Writing test scores were first thrown out in 2014 under then-Superintendent Janet Barresi. Nearly 38 percent of students received the same score, a 2 out of 4, raising concerns about the validity of the results.
Hofmeister announced a cut to field testing for the 2015 tests within weeks of taking office. At the time, she said eliminating field testing would reduce the time students spent on the test, allowing them to spend more time studying in the classroom.
The Education Department threw out the scores from the actual exam in June due to concerns about the reliability of the test. Department officials said those concerns were unrelated to the problems seen in 2014.
School administrators and teachers, though, said they again saw a large number of students receiving the same scores.
About 33 percent of students scored a 2 on the 2015 exam. As in 2014, that pattern could be found in all graded categories of the test.
Barresi, who lost the Republican primary to Hofmeister last year, said that’s because both tests used the same flawed rubric for grading.
That rubric, a guideline for scoring, said that if students copied and pasted large amounts of texts when writing their answers – as opposed to referencing texts using their own words – the highest score they could get was a 2.
The results showed many schools are struggling to properly teach students how to cite sources and texts by fifth grade, Barresi said.
The rubric also failed to properly guide evaluation of the original content written by students. After invalidating the 2014 scores, Barresi said she directed staff to make a new rubric for 2015.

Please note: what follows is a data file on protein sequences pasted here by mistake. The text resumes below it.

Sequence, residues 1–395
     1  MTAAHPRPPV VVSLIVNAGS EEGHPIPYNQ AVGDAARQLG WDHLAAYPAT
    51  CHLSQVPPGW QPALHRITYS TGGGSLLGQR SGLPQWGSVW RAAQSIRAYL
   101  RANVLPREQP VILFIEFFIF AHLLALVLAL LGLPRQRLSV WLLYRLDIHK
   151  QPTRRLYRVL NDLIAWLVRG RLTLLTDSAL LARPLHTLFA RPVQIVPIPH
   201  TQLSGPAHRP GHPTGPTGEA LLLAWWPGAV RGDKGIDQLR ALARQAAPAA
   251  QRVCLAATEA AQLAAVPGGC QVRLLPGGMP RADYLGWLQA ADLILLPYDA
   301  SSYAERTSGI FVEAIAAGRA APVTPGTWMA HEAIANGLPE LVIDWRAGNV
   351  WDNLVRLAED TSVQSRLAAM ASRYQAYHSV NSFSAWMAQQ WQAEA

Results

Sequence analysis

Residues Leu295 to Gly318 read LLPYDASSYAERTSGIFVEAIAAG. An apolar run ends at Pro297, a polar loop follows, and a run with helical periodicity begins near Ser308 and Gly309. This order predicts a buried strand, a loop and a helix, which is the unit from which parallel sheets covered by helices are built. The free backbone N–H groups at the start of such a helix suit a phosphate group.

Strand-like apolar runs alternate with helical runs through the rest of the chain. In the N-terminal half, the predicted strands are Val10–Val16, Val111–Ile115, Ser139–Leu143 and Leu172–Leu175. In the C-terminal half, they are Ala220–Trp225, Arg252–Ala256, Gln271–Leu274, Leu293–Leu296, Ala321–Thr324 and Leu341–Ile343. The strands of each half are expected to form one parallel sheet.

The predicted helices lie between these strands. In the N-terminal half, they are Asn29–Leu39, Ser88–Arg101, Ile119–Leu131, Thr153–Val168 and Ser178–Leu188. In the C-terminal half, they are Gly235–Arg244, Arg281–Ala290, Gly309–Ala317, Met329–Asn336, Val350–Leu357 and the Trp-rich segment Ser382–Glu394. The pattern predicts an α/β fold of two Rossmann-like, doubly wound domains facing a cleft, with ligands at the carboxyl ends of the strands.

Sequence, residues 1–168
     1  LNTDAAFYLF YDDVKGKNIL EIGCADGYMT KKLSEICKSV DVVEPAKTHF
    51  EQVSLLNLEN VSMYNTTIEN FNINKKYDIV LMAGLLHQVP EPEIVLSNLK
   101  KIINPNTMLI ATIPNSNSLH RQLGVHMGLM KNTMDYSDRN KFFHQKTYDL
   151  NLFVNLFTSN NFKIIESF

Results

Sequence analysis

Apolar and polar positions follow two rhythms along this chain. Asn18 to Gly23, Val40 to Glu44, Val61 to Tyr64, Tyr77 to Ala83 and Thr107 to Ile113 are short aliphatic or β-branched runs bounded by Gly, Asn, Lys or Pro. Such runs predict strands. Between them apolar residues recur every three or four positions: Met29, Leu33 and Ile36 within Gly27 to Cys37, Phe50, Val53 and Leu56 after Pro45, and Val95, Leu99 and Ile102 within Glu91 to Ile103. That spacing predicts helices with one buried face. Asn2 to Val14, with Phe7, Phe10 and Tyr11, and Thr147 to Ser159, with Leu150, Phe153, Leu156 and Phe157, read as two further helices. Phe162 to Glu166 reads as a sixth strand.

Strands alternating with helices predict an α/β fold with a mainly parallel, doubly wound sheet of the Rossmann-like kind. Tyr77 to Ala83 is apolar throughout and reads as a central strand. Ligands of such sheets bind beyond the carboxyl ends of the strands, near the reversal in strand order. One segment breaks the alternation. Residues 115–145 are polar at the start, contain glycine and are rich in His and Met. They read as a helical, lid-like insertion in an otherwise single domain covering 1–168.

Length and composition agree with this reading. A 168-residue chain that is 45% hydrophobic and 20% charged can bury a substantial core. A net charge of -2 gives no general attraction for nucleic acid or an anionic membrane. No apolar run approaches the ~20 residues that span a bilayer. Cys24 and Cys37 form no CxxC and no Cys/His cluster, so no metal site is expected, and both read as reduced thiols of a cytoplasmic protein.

The person tasked with creating that rubric was fired by Hofmeister when her administration took over in January 2015, and the new rubric was never finished.
Fitzgerald, who worked under both Hofmeister and Barresi, said she was unaware of plans to create a new rubric.
For 2016, the state will use the rubric from the 2012 exam, which is aligned with the state’s old Priority Academic Student Skills standards. The 2014 and 2015 rubric was designed for the Common Core academic standards, which the state repealed.
Barresi accused Hofmeister of intentionally undercutting the exam in an attempt to eliminate it. A series of ACT tests that Hofmeister has pushed the state to adopt does not including a writing component, Barresi said.
“To the public, it seemed she (Joy) was reducing testing,” Barresi said of eliminating field testing in 2015. “In reality, she was negating the test. She knew she would not be able to put together an operational test for this spring.”
Hofmeister said she is committed to writing instruction in Oklahoma and to implementing a valid tool to evaluate students.
Deana Silk, a spokeswoman for Hofmeister, criticized Barresi for attacking Hofmeister after she herself invalidated the writing scores in 2014.
“It is obvious this is a broken system that Superintendent Hofmeister inherited weeks after inauguration,” Silk said. “She did not want to waste student instruction time or flush away taxpayer dollars on field testing that would perpetuate a broken system.”
Oklahoma Watch is a nonprofit, nonpartisan media organization that produces in-depth and investigative content on a range of policy issues facing the state. For more Oklahoma Watch content, go to www.oklahomawatch.org.